Tuesday, April 15, 2014

The Lovely Bones

If you’re not a fan of the book, there are only two reasons to watch The Lovely Bones. One, Saoirse Ronan’s acting. Two, the CGI. Everything else is… well, I’ll get to that.

The story is straightforward. Fourteen-year-old Susie Salmon is lured into a hideaway by a neighbor and killed there, but her spirit, from heaven, watches as her father and sister try to find out the truth and slowly put their lives back together. The theme is one of accepting what we can’t change, relinquishing what we can’t have and learning to let go. But in a happy way, because there’s something good ahead.

Saoirse Ronan is a talented actress, and it’s difficult not to like her as a teenager who’s by turns exuberant, shy, annoyed with her parents and filled with dreams—typical, in other words. And the scene where Mr. Harvey meets her in the cornfield and persuades her to check out a cool underground room is very tense.

Stanley Tucci’s performance as George Harvey is… mostly good. A bespectacled middle-aged man, he’s the embodiment of the phrase “banality of evil”. What I found a bit difficult to buy was the way he babbles and giggles once he’s lured Susie down. I get that he’s excited (while Susie quickly realizes something’s wrong) but he’s more scary when he’s calm and serious.

What I also found difficult to buy was that he excavated this room in a field in winter and no one noticed. There’s a shot of him digging at night, but it’s still an elaborate feat of secret construction. Still, the best way to enjoy this film is not to think deeply. For instance, if I went to my personal heaven (a limbo meant for people who haven’t yet moved on), I would want to be with people I cared about. Instead, Susie gets Holly, a girl who appears out of nowhere and who tells Susie nothing about herself, but who becomes Susie’s BFF.

If you’ve ever watched Mary Poppins, remember the scene where they go into the chalk painting? Something similar happens here. With her new pal, Susie romps through a magical landscape that keeps changing to entertain her. No lingering trauma from murder, no attempts to change anything or tell her family the truth.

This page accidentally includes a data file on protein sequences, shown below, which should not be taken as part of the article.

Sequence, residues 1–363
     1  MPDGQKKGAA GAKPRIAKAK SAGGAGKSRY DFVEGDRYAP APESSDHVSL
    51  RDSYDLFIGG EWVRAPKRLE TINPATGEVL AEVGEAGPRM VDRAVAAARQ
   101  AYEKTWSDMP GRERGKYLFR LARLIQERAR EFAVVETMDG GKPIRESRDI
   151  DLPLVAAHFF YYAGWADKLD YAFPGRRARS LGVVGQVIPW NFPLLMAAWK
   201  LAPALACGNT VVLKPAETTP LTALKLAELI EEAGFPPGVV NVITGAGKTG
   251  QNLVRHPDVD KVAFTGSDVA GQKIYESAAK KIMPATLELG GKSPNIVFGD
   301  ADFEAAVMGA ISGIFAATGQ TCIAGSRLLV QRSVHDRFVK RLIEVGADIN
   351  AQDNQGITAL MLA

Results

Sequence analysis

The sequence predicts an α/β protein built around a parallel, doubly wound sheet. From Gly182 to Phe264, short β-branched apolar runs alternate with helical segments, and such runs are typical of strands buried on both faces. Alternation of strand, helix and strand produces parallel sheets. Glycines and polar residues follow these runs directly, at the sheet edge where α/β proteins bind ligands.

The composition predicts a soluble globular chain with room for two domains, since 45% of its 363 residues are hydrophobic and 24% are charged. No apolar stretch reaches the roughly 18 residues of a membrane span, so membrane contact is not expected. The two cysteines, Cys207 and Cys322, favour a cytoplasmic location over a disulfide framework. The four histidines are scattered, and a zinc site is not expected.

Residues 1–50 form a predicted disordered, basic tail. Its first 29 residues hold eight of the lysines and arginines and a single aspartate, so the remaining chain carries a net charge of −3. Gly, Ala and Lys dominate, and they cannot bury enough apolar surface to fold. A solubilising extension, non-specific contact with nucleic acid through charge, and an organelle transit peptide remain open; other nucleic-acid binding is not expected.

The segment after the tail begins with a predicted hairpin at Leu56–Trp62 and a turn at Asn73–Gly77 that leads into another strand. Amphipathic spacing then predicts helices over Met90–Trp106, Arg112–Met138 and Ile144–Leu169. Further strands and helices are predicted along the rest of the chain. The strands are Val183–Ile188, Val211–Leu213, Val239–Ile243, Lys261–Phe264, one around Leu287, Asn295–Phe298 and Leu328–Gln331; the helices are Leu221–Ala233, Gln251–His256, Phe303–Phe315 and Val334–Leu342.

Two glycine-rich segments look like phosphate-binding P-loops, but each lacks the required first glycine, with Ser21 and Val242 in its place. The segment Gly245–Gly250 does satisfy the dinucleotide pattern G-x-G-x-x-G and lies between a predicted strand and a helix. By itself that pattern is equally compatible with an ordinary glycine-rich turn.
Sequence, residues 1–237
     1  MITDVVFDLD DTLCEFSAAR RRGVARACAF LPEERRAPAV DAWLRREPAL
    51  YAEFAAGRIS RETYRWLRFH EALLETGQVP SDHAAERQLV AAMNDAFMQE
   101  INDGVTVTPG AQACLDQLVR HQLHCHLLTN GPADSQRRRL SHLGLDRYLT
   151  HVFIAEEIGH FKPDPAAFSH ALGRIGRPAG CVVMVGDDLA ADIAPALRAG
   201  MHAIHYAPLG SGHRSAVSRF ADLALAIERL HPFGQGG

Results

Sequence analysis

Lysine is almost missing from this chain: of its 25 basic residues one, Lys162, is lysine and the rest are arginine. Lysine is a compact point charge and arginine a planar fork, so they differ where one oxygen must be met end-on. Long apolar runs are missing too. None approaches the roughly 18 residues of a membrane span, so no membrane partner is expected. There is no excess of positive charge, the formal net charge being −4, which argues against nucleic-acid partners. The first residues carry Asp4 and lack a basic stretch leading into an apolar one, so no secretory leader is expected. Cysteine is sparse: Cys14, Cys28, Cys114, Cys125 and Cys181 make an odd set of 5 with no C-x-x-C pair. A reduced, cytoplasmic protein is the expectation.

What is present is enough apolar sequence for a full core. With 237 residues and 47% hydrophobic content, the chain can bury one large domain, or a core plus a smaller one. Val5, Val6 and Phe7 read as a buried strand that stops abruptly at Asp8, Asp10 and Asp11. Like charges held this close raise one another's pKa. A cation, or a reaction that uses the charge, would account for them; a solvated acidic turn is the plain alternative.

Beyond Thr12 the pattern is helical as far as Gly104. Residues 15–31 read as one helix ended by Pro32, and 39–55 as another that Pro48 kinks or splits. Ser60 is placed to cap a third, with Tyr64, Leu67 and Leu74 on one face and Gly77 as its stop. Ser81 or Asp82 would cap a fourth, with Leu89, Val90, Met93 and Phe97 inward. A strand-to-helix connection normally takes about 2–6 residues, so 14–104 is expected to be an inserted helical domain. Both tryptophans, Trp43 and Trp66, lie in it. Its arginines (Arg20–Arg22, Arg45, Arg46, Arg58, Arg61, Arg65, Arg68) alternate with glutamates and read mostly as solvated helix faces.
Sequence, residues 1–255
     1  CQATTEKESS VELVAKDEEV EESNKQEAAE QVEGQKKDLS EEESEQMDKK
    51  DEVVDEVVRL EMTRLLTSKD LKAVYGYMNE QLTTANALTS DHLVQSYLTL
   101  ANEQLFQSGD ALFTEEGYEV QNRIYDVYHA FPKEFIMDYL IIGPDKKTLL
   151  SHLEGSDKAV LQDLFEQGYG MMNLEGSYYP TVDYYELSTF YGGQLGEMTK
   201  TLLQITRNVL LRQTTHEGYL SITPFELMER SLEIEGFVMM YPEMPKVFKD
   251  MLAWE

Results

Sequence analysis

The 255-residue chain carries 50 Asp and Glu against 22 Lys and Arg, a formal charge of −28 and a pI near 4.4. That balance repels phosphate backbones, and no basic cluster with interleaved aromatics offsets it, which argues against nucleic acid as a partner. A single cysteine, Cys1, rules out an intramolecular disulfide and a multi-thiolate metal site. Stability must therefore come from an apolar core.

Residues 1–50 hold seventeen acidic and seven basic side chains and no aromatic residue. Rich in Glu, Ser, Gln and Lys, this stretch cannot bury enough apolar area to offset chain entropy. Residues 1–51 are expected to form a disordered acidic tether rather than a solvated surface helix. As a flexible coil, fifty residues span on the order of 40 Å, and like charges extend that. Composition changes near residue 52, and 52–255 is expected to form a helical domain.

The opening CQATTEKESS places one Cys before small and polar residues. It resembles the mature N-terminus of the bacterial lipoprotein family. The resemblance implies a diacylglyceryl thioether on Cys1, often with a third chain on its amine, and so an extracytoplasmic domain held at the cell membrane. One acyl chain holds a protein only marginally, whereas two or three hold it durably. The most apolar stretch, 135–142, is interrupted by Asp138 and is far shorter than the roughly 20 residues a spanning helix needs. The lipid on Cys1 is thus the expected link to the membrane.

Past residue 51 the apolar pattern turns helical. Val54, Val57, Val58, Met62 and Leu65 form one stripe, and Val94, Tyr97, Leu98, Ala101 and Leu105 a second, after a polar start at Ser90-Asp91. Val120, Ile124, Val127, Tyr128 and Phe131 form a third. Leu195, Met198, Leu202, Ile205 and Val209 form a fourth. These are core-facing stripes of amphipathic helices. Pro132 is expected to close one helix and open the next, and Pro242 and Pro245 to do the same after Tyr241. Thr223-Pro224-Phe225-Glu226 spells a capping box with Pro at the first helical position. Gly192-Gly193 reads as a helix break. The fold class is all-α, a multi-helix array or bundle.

And it’s clear that she can influence the occasional event on Earth, if she tries hard, but her major accomplishment there is to put herself in a living girl's body so she can finally kiss the boy she likes. Meanwhile, just outside, Mr. Harvey disposes of the safe containing Susie’s body, which she knows about. Yet the kiss is more important.

I suppose that was part of her acceptance-and-letting-go, to not care about her body… but wouldn’t her parents care? Wouldn’t they want her remains to be laid to rest with dignity, rather than never even knowing where she might lie?

But, like I said, don’t think too much. Or you might wonder, if the real heaven is a place where there’s “no memory”, is there a blank in your mind when you try to think of how you got there? And it’s clear that Susie’s heaven is influenced by other victims of Mr. Harvey’s, which leads to a truly schmaltzy scene where all of them come smiling out of the horizon while the music swells.

I did get teary when the little girl—the youngest victim, who’s six—gives Susie an evaluating look, then smiles, runs up to her and hugs her around the waist. But then I wondered, is that girl going to stay six years old for ever? An eternal child, frozen at the moment she died? Anne Rice did that more realistically with Claudia in Interview with the Vampire.

I understand why the joyous get-together, since there was a previous scene when Susie’s heaven showed her the corpses Harvey had discarded, so Jackson had to assure the audience that these women and girls are now frolicking in paradise. Plus, they’re all friends together in a Raped-N-Murdered club.

But back on earth, Susie’s father is ham-handed in his attempts to find her killer and to stop Harvey, whom he suspects despite having no evidence. So her sister breaks into Harvey’s house to find some. This is the second tension-filled scene in the film, though I have no idea why the sister carefully leafs through Harvey’s scrapbook upstairs even after she hears him enter the house. Wouldn’t it be better to leave and then check out the book?

Still, all ends well. This isn't a bad film per se, just a slow-moving one which has little going for it besides its prettiness and philosophizing. I couldn’t help sympathizing with one reviewer who said Susie’s endless voiceovers became so annoying that if she wasn’t already dead, he would have shot her.


Maria Zannini said...

I never could read the book or watch the movie because the subject matter is too intense for me.

Once I did catch the ending of the movie before realizing what it was and it left me wanting because I felt the issues were left too neatly wrapped.

Michelle Athy said...

The book was much better. But I will say that that scene where the sister sneaks into Harvey's house is just as tense as I remember it being in the book.

Marian Perera said...

Maria - apparently Mr. Harvey's karmic death was added in because test audiences were dissatisfied that he got away with his crimes. Personally, I'd have preferred him being caught and held accountable. Though that does raise the question - does he go to his own personal heaven afterwards?

Michelle - Yes, I think the book developed Ruth Connors more as a character too.

Barbara Martin said...

I read the book some time ago, but I don't think I would ever watch the movie due to the subject matter.